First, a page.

• 3. International Journal of Network Security & Its Applications (IJNSA), Vol.5, No.2, March 20132.1 Existing SystemThere are a number of methods and frameworks been proposed and many systems have been builtto detect intrusions. Various techniques such as association rules [10], clustering, naive Bayesclassifier, support vector machines, genetic algorithms, artificial neural networks, and others havebeen applied to detect intrusions. These existing systems suffer from a wide range of problems. a. The features are limited to the entry level of the packets and require the no. of records to be large. They tend to produce a large number of rules that increases the systems complexity. b. Some methods consider the features independently and are unable to capture the relationship between different features of a single record. This further degrades the attack detection strength of the system. c. Some existing systems are attack specific and hence they would build networks which rapidly increases as the detection load increases.2.2 Proposed SystemIn our proposed system we describe the Layer-based Intrusion Detection System (LIDS) [11][12]. The LIDS draws its motivation from what we call as the Airport Security model, where anumber of security checks are performed one after the other in a sequence. Similar to this model,the LIDS represents a sequential Layered Approach [13] and is based on ensuring availability,confidentiality, and integrity of data and (or) services over a network.The goal of using a layered model is to reduce computation and the overall time required to detectanomalous events. The time required to detect an intrusive event is significant and can be reducedby eliminating the communication overhead among different layers. We define four layers theyare Probe layer, DoS layer, R2L layer, and U2R layer. Each layer is separately trained with asmall set of features. The layers essentially act as filters that block any anomalous connection,thereby eliminating the need of further processing at subsequent layers enabling quick response tointrusion.The effect of such a sequence of layers is that the anomalous events are identified and blocked assoon as they are detected. Once the attack is detected, it is intimated through mobile phone to thesystem administrator for safe guarding the server system.We implement the LIDS and select four set of features which reduces the computational time.Methods such as naive Bayes [14] assume independence among the observed data. To balancethis trade-off, we use the CRFs that are more accurate, though expensive, but we implement theLayered Approach to improve overall system performance.Our proposed system, Layered CRFs, performs significantly better than other systems. 181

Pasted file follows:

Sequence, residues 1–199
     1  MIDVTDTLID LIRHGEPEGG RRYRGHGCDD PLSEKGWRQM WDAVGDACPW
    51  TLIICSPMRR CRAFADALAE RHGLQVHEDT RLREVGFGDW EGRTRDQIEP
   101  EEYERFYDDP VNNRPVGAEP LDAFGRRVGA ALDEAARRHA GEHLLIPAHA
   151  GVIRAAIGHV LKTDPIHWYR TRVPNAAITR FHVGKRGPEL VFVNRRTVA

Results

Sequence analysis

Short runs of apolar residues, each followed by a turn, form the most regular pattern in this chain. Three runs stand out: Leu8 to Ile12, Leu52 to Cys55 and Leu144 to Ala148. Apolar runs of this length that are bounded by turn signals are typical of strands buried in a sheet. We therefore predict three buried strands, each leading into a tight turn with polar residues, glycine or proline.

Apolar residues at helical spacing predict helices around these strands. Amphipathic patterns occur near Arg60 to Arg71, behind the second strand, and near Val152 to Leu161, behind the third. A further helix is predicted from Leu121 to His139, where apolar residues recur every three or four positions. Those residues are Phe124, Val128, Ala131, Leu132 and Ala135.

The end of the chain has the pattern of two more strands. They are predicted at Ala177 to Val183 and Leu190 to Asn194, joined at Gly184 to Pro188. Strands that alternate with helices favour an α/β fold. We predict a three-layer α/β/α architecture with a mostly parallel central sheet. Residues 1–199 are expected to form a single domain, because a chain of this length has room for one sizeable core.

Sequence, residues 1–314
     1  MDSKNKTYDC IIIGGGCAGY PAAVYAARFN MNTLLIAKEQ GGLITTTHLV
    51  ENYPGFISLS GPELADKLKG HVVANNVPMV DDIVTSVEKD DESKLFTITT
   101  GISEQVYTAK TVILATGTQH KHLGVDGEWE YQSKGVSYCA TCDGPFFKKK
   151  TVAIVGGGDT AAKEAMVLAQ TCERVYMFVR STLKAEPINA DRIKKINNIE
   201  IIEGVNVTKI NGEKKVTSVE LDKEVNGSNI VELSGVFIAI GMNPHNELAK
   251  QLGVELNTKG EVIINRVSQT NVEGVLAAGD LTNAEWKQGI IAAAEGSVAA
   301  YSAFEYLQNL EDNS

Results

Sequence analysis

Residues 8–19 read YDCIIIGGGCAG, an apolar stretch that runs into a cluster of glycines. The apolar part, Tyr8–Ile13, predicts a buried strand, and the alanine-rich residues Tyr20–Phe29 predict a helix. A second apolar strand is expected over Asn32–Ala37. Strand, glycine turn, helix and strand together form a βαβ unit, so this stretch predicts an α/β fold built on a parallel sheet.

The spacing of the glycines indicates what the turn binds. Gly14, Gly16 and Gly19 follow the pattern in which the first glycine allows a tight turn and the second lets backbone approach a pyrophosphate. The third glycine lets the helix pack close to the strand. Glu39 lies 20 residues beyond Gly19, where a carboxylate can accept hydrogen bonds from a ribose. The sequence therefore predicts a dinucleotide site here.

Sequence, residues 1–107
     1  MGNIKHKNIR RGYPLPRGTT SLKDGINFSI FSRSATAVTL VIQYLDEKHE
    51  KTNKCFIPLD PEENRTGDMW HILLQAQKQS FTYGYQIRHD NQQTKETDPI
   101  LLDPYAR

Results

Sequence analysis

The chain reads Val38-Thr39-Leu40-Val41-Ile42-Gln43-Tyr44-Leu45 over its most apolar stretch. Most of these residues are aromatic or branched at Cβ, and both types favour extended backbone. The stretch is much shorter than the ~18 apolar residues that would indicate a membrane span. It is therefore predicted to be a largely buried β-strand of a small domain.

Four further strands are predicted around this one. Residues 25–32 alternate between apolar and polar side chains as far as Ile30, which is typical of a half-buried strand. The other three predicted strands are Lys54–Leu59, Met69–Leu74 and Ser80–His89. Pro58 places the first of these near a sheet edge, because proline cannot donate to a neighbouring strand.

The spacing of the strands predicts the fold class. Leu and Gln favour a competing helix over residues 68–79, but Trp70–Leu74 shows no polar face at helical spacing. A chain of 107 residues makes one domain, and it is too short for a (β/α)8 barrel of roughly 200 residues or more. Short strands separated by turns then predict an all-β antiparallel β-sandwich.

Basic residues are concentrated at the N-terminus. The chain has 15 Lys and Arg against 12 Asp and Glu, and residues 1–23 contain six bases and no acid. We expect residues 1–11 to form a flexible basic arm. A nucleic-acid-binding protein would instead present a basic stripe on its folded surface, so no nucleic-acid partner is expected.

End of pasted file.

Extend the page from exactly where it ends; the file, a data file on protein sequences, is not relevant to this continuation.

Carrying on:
• 4. International Journal of Network Security & Its Applications (IJNSA), Vol.5, No.2, March 2013 Figure 1. Proposed System3. IMPLEMENTATIONImplementation is the stage when the theoretical design is turned out into a working system. Thusit can be considered to be the most critical stage in achieving a successful new system and ingiving the user, confidence that the new system will work and be effective. The implementationstage involves careful planning, investigation of the existing system and it’s constraints onimplementation, designing of methods to achieve changeover and evaluation of changeovermethods.3.1 Layered Approach for Intrusion DetectionLayer-based Intrusion Detection System (LIDS) draws its motivation from what we call as theAirport Security model, where a number of security checks are performed one after the other in asequence. Similar to this model, the LIDS represents a sequential Layered Approach and is basedon ensuring availability, confidentiality, and integrity of data and (or) services over a network.Figure 2 gives a generic representation of the framework. The goal of using a layered model is toreduce computation and the overall time required to detect anomalous events. The time requiredto detect an intrusive event is significant and can be reduced by eliminating the communication 182